Daniel Hall, a director of Burford’s asset recovery business, contributed an article to Global Legal Post in which he answers the question: In the year since the Panama Papers were first released, has the net been tightened around the offshore world?
When the world woke up to news of history’s biggest ever data leak a year ago, it lifted the lid on the murky world of offshore tax regimes–usually sun-kissed islands where the rich, famous and infamous alike, can hide wealth from view.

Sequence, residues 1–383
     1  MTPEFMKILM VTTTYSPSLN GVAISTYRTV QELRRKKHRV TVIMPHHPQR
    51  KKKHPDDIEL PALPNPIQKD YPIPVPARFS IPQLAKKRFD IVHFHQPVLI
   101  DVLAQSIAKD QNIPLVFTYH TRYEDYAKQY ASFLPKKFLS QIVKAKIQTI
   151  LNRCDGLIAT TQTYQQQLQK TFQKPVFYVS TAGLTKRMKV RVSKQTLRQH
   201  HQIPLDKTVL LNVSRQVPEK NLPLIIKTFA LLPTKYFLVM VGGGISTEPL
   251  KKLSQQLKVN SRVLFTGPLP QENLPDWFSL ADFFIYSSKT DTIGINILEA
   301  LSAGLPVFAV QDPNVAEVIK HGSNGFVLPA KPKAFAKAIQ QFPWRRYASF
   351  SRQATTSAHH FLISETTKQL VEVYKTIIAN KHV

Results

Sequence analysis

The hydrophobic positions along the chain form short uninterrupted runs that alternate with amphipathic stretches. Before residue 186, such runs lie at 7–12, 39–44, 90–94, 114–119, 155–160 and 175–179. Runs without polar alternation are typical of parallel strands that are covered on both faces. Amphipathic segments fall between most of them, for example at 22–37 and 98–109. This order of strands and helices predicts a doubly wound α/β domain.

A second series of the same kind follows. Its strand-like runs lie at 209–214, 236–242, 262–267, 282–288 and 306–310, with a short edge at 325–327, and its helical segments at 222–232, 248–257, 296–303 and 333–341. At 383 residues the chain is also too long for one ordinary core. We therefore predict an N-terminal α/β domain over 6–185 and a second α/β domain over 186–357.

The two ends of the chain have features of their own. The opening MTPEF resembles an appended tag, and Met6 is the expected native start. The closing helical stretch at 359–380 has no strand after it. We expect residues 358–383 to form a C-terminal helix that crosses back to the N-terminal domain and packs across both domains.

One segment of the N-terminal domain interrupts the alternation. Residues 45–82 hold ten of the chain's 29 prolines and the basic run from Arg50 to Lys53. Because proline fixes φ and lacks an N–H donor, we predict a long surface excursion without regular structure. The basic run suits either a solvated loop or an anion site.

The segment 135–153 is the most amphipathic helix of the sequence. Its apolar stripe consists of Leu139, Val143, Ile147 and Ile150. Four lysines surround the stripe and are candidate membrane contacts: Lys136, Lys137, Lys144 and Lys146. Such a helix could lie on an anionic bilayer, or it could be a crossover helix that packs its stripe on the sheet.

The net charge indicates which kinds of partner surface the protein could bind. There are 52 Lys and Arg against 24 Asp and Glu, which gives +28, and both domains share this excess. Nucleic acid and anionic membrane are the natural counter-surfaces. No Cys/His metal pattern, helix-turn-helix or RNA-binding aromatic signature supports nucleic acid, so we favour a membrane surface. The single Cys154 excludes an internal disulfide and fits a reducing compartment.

The Panama Papers involved 11.5m files from the database of the world’s fourth-biggest offshore law firm, Mossack Fonseca, and was obtained by international press from an anonymous source.
While the wider public was shocked by the practices exposed, it is probably a safe assumption to say most professionals were not. Although they may have alarmed by its scale, the methods used were basic and themselves not new; Mossack Fonseca was not re-inventing the wheel.